Our advice on how to deliver a community engagement campaign

Many of the lessons learnt in the business engagement campaign section can be applied to those focusing more on the consumer market. Our experience shows that selecting the right delivery method is important – do you focus on targeting schools, road users, specific communities etc.? It could be a combination of one, several or all of the stakeholder groups to achieve your specific aim.

Although the messages are very similar and the outcomes may be the same, specifically when promoting the use of more sustainable and active travel modes, it is often more difficult to engage with the general public. There is not the added support from employers or the focussed engagement opportunities of the workplace that business engagement activities offer. While many of the activities and events are very similar there is a far wider and more diverse community of people to engage with.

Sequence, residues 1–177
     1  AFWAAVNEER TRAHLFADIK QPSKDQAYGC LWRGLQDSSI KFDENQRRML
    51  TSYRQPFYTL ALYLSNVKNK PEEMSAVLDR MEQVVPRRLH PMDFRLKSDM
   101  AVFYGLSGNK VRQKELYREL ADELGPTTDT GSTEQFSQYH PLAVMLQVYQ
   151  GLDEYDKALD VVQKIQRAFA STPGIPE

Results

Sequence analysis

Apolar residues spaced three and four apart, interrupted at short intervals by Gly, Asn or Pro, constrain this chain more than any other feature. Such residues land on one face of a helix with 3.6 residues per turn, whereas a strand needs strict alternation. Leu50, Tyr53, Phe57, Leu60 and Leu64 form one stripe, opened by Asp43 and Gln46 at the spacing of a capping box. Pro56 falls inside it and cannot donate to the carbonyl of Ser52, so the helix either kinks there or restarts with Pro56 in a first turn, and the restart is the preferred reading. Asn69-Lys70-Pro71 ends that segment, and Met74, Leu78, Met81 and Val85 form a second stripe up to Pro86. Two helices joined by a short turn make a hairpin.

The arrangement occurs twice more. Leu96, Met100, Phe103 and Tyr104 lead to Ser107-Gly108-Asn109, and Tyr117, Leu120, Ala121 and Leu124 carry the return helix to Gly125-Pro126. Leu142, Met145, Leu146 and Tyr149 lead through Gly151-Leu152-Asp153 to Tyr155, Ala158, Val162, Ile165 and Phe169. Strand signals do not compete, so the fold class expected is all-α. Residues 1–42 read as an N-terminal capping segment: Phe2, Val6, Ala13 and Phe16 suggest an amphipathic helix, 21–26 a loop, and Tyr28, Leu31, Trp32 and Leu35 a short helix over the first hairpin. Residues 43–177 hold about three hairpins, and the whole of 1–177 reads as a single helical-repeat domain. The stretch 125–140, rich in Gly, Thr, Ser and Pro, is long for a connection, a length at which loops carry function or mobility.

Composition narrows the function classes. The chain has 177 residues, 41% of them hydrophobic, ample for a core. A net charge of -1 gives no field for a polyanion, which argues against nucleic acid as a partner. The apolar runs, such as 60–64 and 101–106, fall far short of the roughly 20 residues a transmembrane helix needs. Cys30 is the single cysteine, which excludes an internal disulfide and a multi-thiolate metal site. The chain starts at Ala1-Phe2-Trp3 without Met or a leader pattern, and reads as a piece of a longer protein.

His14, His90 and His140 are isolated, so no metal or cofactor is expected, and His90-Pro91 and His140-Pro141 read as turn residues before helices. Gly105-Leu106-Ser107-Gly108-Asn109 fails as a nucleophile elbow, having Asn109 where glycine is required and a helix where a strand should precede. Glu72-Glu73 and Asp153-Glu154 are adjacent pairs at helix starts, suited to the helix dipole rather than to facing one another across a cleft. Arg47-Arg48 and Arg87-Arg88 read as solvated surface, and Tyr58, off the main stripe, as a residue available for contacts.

We’ve put together some of our top tips to help you build a strong strategy.

Oxford EV Summit 2019 Tom Hayes

Don’t reinvent the wheel

Take a look at what others have done, and the wealth of examples and resources that are out there for you to use as a reference point. Take a look at the Go Ultra Low campaign as well, as this is targeted specifically at consumers, and has a variety of tools and resources that can be used to help explain the benefits of ultra-low emission vehicles.

Be clear with your messaging

Try to be straight to the point with your messaging. The industry is full of acronyms and technical language that most everyday consumers won’t understand, so make it jargon-free. It is easy to forget that we often operate in an ‘EV Bubble’ where we talk about, and discuss, this industry all the time, but in reality most people have never even sat in an electric vehicle, let alone driven or considered buying one. Focus on the facts and figures around the environmental benefits and financial incentives in any promotional material.

Check your facts